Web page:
As psychology was borne from the amalgamation of one part philosophy, it only makes sense that we turn to the concept of Sartre’s existentialism, this week, in order to gain insight into the above outlined concept.

Though Sartre made no qualms about the fact he was an atheist, ironically the crux of his treatise can be summed up by the Golden Rule: “Do unto others as you would have them do unto you,” (Matthew 7:12, King James Bible). Specifically, because Sartre did not believe a divine being was ultimately predetermining our actions as well as our “essences”, he placed the onus on individuals to act responsibility AND to take responsibility for how they act. More than just that however, he felt that humans determined their own morality through their choices, in that an individual’s participation in an activity symbolized their condonation of that same activity. In simpler terms, if I choose to be rude toward others, I have no right to be offended if I receive the same treatment in return, as my original behaviour determined I considered it morally “a-okay” to act in this manner. To make reference to yet another popular biblical verse: “you reap what you sow,” (Galatians 6:7).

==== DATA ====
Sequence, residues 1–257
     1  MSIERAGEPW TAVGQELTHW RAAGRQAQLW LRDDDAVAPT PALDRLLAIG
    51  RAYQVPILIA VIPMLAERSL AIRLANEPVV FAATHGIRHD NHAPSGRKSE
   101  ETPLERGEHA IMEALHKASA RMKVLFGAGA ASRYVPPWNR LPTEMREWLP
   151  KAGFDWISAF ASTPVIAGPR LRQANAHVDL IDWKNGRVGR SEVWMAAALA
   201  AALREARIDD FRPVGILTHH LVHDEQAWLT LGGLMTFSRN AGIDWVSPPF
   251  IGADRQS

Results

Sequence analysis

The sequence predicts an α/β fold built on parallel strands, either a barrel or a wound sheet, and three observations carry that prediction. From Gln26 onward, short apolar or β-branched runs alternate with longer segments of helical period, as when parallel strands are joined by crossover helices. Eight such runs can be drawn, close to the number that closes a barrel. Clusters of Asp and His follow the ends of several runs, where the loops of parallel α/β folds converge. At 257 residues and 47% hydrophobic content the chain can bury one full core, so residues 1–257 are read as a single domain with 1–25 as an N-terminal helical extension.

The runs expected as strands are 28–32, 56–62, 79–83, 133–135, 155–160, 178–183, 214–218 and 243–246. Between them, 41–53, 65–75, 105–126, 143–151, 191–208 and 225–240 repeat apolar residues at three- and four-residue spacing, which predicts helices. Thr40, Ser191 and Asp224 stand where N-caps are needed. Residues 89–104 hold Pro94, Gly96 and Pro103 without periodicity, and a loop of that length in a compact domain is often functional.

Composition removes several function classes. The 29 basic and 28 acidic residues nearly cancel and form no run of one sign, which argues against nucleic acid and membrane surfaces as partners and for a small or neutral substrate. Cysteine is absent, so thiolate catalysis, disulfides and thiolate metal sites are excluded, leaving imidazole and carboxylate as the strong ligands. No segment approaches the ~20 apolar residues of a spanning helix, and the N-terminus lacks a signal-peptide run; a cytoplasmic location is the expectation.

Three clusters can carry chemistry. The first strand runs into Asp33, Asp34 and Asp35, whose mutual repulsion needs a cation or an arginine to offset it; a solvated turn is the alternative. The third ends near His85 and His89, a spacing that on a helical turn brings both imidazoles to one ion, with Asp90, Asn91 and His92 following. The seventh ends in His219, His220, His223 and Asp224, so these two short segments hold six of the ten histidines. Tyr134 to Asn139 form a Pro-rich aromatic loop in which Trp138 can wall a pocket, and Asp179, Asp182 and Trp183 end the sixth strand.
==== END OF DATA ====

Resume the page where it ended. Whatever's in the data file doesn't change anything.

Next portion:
But as developmental psychologist Lawrence Kohlberg points out in his “Moral Stages of Development”, a true sense of personal ethics and responsibility is not merely defined by attempts to ‘play nice’ in order to avoid reprisal. Those who have accomplished the highest stage in Kohlberg’s moral development scheme known as “post-conventionality” believe in adhering to an unwritten social contract that mandates “working toward the benefit of all.” Of course, this high aim is only possible if we all collectively agree on upholding the same values…Judging by our past and ongoing cultural clashes, I don’t see this happening anytime soon. HOWEVER, that does not give you an excuse not to at least practise basic human decency, which I’d like to point out is transferrable (and appreciated) across human societies.